Success Codes The Next Generation—Personality Disorders

The 21st Century Cures Act directed CMS to expand the risk-coding system to include additional mental health conditions.



We talked before that these changes are evolutionary, not revolutionary, but they will give you the chance to gain some additional risk-based revenue.



We also discussed how important it is to start coding these conditions now even though the changes are going to be phased in over three years starting in 2019.  Experience teaches that getting ahead of the curve is the key to outsized performance.



I simplified what you needed to know about risk-coding mental health conditions in this earlier blog post.



Everything there is still accurate—and it’s still great.



But starting in 2019 conditions that previously were not associated with increased revenue will now get you additional credit.



Although lots of details still need to come out, here is what you, as a clinician or the supervisor of clinicians need to know.



Personality Disorders



This is something new, but be careful.



Bipolar, antisocial, narcissistic, borderline, obsessive-compulsive.



These conditions are diagnosed in a fashion similar to Major Depression, using observational data to meet set criteria.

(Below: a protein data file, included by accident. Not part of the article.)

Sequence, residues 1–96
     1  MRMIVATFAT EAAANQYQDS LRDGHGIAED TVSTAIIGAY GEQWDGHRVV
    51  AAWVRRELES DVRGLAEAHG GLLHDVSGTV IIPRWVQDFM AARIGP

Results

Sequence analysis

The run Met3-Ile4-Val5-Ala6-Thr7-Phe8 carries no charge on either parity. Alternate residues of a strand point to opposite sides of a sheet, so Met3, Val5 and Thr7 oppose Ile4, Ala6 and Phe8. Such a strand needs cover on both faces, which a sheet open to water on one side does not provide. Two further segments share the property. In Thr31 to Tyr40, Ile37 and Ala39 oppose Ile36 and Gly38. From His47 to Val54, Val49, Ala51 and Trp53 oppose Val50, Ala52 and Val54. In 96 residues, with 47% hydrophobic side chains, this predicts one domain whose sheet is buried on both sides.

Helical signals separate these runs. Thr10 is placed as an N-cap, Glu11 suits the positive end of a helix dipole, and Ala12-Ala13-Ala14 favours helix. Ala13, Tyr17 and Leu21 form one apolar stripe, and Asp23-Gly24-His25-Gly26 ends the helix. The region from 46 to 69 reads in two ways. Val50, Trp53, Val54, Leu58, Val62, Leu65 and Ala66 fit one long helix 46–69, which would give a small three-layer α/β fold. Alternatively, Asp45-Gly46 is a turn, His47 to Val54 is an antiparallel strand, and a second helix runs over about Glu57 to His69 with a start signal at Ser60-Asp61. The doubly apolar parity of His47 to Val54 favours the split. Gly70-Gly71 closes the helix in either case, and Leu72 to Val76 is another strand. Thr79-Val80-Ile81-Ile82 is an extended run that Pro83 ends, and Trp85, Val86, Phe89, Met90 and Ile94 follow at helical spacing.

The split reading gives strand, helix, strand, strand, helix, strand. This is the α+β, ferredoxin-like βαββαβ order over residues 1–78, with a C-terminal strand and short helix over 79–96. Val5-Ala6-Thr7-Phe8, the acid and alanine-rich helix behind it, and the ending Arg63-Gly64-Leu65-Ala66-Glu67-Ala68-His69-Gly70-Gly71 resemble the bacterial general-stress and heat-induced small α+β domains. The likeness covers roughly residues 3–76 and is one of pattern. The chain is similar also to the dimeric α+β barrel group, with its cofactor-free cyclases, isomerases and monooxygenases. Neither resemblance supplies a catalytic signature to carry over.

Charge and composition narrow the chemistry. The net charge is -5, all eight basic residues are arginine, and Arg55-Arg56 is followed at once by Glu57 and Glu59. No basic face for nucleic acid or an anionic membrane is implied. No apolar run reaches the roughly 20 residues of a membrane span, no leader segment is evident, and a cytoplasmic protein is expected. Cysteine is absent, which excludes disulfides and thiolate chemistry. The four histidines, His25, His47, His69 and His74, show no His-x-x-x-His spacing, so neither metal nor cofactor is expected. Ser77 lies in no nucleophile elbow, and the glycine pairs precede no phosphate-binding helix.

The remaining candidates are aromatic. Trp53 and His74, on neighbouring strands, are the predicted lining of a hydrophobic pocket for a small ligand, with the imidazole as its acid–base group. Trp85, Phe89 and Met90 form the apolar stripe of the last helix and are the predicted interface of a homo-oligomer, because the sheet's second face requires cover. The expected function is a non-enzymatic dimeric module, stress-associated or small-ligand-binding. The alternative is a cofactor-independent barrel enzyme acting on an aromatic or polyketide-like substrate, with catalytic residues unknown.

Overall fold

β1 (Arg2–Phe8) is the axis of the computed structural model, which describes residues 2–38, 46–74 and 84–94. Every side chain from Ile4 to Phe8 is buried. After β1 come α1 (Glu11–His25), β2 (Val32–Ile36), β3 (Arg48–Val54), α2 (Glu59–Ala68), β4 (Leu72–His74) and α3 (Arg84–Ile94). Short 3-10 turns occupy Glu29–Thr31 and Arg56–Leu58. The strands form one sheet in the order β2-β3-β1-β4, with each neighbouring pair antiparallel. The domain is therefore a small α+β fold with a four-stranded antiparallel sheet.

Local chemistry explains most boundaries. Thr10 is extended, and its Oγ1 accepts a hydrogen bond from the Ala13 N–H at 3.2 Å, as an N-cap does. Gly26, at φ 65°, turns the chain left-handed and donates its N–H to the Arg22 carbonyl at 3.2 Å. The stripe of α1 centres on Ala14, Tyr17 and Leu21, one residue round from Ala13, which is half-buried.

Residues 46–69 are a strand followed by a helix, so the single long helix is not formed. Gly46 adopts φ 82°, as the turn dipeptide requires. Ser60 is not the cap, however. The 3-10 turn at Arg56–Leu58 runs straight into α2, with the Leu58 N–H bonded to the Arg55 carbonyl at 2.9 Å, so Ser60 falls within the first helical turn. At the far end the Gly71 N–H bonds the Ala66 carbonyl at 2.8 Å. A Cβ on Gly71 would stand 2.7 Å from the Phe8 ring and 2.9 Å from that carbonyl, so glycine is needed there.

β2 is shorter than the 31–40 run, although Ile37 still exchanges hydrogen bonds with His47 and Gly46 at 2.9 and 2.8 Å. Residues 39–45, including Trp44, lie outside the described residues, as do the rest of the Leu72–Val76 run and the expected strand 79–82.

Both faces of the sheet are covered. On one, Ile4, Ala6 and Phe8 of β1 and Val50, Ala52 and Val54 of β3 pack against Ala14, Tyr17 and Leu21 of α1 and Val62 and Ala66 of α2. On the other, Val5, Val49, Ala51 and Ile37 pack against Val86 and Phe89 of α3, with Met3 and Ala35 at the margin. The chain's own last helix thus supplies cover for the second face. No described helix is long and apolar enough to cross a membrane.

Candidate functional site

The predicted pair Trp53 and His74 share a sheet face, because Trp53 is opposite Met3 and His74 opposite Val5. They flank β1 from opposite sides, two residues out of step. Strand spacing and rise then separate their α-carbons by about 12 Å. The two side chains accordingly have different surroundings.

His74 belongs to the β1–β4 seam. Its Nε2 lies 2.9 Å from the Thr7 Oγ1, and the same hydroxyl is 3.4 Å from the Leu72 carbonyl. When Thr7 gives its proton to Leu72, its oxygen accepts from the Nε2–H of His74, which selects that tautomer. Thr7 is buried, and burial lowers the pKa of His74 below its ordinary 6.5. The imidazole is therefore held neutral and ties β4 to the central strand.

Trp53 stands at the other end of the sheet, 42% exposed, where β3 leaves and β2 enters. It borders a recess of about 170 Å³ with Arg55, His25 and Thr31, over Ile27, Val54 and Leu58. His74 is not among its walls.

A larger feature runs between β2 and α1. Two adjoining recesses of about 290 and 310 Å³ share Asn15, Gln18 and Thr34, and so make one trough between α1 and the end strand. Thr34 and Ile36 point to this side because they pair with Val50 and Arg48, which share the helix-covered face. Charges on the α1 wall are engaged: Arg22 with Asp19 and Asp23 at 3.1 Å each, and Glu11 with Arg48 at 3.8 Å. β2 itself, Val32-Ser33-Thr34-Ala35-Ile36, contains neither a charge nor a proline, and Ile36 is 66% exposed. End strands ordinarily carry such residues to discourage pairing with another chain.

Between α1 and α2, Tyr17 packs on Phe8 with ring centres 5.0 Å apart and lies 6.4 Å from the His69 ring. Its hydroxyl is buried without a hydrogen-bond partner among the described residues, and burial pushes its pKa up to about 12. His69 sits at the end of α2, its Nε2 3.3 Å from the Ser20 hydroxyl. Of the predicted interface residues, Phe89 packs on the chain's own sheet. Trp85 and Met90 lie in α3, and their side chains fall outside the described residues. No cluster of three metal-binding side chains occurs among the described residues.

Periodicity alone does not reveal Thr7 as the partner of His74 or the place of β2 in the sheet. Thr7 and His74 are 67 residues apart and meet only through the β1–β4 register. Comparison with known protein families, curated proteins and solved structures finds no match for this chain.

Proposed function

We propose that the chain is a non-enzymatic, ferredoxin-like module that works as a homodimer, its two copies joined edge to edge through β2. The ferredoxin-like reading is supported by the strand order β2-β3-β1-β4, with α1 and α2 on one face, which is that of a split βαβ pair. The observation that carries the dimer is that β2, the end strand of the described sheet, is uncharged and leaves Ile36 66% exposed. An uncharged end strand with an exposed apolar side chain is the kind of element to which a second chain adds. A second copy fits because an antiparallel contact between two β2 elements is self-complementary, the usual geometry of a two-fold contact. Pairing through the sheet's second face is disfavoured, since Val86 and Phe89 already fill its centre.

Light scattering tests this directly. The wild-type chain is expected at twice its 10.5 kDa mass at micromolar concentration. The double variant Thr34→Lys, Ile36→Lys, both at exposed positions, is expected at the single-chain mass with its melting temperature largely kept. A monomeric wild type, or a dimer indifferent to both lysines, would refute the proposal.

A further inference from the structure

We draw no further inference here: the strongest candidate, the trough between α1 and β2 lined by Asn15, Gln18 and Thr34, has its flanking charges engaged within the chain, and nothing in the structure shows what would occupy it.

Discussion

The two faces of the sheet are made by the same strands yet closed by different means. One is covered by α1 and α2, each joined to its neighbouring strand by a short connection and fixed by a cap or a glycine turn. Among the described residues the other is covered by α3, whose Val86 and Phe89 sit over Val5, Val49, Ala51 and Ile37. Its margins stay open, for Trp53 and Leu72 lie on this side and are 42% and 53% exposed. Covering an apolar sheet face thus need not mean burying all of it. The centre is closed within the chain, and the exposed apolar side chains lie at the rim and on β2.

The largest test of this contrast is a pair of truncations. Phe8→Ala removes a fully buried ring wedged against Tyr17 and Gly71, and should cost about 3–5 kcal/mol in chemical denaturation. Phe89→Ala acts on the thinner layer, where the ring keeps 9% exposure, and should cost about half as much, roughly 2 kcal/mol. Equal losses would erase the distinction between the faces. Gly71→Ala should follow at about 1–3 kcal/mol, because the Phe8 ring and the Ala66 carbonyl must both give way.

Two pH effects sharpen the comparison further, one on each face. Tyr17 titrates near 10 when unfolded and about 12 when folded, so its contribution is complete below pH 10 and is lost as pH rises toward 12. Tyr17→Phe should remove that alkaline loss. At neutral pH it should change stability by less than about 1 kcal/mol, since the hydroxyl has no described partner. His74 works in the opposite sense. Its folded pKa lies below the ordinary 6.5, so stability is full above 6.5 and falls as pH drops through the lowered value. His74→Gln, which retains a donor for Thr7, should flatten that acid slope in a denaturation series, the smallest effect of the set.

The definitions are set out in the Diagnostic and Statistical Manual, Volume Five (DSM-V)



They are soft diagnoses, meaning there are no objective laboratory data that can be referred to.



That means they’re going to be audit bait—big time.



And now that you know you’re going to get paid for personality disorder diagnoses, it’s going to be awfully tempting to start submitting them on your patients.  Think about the patients you deal with on a daily basis—personality disorders abound.



Don’t submit these diagnosis without meeting the objective criteria set down by the DSM -V—and documenting it.



Of course, if you have a psychiatrist give your patient an Axis two diagnosis, you’re golden.



Just refer to it in your documentation.  You don’t need to have the diagnosis confirmed by them every year, you just need it in the chart once—and refer to it every year when you address it during their annual visit.



In the eyes of CMS, the psychiatrist’s ability to diagnose a personality disorder is better than a prime’s



So be wary of the opportunity this new class of risk codes presents.



Because if you overuse them, if you submit them willy-nilly without the proper documentation you’ll just be giving the money back after the next recovery audit.



But use them wisely—and you will prosper.







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